The Expert Group on e-Invoicing installed by the European Commission on 31 October 2007, tasked to propose a European e-Invoicing Framework (EEI Framework), has issued their Final Report on November 2009. The recommendations of the Expert Group and the reactions from stakeholders in Europe will be taken into account by the European Commission in developing its further position on e-Invoicing.

See the final report and the consultation document: http://ec.europa.eu/enterprise/newsroom/cf/itemshortdetail.cfm?lang=nl&item_id=3875

See the final report: http://ec.europa.eu/internal_market/consultations/docs/2009/e-invoicing/report_en.pdf

The Expert Group on e-Invoicing in their Final Report ascertain that there are two key issues:
- The present European landscape of e-invoicing legislation is disharmonised. The methods set out in Article 233 of Directive 2006/112/EC have been implemented in Member States’ national legislation in widely different ways. This leaves trading parties experiencing difficulties in finding the right degree of clarity and legal certainty to encourage adoption of e-Invoicing.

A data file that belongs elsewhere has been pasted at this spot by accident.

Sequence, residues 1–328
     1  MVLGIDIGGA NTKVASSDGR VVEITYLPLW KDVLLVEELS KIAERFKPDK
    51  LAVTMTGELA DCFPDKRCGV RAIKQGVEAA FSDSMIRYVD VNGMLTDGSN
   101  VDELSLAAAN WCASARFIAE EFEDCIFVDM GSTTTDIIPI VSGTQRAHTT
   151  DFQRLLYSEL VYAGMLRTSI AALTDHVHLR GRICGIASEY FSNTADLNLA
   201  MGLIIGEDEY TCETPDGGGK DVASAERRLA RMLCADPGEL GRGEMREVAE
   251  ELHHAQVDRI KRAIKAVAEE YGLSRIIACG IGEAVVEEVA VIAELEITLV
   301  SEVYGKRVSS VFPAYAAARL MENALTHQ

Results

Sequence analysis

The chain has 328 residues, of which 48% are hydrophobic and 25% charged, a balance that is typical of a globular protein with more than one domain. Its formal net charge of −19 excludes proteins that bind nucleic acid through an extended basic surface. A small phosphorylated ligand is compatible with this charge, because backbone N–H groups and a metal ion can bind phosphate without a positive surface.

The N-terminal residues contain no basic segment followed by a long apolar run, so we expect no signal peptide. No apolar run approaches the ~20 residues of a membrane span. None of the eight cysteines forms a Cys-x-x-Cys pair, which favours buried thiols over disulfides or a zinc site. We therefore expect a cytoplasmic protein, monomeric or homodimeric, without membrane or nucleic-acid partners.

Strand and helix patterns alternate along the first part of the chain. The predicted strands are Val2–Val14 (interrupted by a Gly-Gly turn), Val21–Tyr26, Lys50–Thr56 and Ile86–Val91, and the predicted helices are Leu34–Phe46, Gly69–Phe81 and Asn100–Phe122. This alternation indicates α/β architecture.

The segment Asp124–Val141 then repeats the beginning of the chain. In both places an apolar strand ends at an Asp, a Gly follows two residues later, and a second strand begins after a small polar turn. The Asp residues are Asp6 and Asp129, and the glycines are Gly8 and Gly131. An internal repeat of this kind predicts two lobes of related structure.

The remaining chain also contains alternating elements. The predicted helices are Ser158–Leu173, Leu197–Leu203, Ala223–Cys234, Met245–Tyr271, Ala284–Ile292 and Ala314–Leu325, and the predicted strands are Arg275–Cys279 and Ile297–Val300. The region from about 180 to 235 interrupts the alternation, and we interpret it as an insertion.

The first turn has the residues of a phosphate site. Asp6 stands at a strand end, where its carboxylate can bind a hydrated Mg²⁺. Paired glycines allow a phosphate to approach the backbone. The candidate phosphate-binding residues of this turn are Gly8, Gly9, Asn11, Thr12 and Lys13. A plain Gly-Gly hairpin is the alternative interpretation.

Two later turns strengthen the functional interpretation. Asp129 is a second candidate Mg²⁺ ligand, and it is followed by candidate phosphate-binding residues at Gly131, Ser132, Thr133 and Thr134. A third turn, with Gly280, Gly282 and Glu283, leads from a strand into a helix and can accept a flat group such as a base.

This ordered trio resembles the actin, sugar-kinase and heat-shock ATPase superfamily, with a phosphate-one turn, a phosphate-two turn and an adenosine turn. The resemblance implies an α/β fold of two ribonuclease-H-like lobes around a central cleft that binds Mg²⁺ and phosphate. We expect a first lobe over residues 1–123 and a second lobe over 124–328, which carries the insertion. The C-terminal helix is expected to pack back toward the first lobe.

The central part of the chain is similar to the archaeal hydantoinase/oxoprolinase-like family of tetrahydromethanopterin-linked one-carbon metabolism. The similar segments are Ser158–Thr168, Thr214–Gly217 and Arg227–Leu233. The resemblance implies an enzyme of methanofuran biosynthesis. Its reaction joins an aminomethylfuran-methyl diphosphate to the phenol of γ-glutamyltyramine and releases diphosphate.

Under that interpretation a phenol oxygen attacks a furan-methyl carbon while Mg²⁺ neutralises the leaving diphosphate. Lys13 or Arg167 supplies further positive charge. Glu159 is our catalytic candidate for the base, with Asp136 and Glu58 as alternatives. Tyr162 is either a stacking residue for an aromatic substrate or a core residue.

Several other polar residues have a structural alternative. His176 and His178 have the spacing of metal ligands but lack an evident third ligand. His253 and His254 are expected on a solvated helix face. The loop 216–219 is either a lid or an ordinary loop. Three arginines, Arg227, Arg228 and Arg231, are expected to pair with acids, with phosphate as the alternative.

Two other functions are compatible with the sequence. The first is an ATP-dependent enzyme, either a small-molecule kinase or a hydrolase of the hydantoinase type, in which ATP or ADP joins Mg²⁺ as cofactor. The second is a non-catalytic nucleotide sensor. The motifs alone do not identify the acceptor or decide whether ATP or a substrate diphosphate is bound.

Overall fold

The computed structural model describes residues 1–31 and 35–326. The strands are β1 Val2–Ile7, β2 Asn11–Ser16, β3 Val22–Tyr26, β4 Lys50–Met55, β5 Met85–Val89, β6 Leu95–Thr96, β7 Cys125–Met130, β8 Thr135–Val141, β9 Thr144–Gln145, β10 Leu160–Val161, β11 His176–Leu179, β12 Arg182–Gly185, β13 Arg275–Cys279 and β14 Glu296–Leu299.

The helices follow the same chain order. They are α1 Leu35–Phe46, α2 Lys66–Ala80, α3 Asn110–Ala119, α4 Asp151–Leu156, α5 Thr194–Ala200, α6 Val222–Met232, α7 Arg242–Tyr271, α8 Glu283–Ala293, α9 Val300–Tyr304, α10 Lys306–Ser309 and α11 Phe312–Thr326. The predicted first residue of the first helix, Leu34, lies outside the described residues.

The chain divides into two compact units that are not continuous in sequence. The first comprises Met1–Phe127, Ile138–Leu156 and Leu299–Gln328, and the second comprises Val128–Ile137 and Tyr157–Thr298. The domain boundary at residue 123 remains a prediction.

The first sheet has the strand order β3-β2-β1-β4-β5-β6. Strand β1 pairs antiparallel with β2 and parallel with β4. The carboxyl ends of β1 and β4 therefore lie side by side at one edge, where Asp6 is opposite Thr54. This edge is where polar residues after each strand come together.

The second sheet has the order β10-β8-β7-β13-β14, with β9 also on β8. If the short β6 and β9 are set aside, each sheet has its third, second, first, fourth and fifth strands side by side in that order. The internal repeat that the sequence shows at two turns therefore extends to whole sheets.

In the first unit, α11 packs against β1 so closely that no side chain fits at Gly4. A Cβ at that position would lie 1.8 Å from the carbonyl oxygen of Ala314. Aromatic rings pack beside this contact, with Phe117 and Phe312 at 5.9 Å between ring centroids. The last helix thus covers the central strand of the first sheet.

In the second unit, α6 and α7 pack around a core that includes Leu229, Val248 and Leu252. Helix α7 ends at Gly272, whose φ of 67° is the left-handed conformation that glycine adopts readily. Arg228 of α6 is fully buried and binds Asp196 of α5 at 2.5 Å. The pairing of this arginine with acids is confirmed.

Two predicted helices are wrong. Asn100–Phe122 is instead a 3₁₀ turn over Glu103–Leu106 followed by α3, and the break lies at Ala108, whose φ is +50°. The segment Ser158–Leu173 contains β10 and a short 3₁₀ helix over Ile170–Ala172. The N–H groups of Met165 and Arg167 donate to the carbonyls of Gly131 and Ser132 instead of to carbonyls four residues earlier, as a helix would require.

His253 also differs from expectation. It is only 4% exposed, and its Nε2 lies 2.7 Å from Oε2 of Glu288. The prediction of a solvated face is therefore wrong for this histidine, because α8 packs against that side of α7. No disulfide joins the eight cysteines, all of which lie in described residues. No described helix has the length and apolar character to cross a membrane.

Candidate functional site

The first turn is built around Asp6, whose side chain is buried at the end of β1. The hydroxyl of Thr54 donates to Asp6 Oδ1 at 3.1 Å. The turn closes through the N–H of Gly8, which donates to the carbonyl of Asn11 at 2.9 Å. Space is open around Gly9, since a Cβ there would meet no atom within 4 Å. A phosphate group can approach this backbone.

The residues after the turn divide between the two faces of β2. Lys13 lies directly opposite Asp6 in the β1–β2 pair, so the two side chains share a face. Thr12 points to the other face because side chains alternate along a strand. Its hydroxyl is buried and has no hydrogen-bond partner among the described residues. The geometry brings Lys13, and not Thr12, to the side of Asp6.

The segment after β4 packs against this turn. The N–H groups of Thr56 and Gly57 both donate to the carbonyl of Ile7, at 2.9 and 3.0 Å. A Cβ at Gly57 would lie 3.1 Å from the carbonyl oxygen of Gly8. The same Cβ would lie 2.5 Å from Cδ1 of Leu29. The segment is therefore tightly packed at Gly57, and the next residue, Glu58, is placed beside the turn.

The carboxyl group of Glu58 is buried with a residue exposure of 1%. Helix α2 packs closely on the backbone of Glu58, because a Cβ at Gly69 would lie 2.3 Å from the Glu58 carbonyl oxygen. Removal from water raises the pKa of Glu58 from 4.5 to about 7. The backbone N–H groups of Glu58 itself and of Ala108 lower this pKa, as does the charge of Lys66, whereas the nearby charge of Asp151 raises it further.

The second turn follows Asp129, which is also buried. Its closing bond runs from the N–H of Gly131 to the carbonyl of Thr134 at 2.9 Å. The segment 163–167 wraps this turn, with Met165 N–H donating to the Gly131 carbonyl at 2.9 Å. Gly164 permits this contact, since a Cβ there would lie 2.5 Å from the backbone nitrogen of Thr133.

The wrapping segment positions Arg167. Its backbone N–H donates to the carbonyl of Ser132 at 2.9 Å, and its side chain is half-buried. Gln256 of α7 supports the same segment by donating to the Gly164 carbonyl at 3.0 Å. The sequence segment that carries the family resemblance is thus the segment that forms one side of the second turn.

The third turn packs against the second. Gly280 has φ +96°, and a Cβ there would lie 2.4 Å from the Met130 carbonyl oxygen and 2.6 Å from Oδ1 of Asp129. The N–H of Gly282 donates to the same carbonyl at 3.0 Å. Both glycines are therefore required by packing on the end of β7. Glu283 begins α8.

- Internal business controls did not receive appropriate attention in the current legislative framework and its implementation. This is unfortunate because such controls are essential to all invoicing processes and, for most, whose systems are mature and robustly auditable, can actually provide the necessary assurance and without creating technical and operational complexity.

Based on the principles of equal treatment between paper and electronic invoices, technology neutrality and internal business controls, the Expert Group issued their recommendations. With regard to article 233 they recommend that “No legislative or other requirements should be imposed on electronic invoices above those that exist for paper invoices today”.

They furthermore state that “The Commission’s January 2009 proposal for a new VAT Directive (COM(2009) 21 final), should be adopted by all Member States and transposed into national legislation. In particular the provisions of Articles 232–237 of the current Directive on the Common System of Value Added Tax (2006/112/EC) should be removed so as to shift from technology based requirements to requirements based on equal treatment, technology neutrality and internal business process controls”.

Additionally they state “In the short term, pending the adoption of the new VAT Directive, those Member States who have not yet done so, should be encouraged to implement the option of ‘other means’ as provided for in the current VAT directive (Directive 2006/112/EC) so as to enable the practical implementation of the Expert Group’s Code of Practice”.